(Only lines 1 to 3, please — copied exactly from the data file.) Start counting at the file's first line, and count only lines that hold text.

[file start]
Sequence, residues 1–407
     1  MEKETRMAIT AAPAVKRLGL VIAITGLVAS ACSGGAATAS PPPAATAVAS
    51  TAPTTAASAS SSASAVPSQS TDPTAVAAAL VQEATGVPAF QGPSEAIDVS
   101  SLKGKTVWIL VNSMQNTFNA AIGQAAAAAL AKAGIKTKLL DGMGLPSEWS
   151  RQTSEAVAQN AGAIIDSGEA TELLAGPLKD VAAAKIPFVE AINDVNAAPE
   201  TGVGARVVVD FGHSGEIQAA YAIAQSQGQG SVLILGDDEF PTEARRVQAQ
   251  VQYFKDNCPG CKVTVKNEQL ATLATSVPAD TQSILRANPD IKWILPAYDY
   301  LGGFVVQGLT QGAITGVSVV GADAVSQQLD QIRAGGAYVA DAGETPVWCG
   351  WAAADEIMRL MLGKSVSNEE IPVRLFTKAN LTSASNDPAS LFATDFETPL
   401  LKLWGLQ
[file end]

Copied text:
Sequence, residues 1–407
     1  MEKETRMAIT AAPAVKRLGL VIAITGLVAS ACSGGAATAS PPPAATAVAS
    51  TAPTTAASAS SSASAVPSQS TDPTAVAAAL VQEATGVPAF QGPSEAIDVS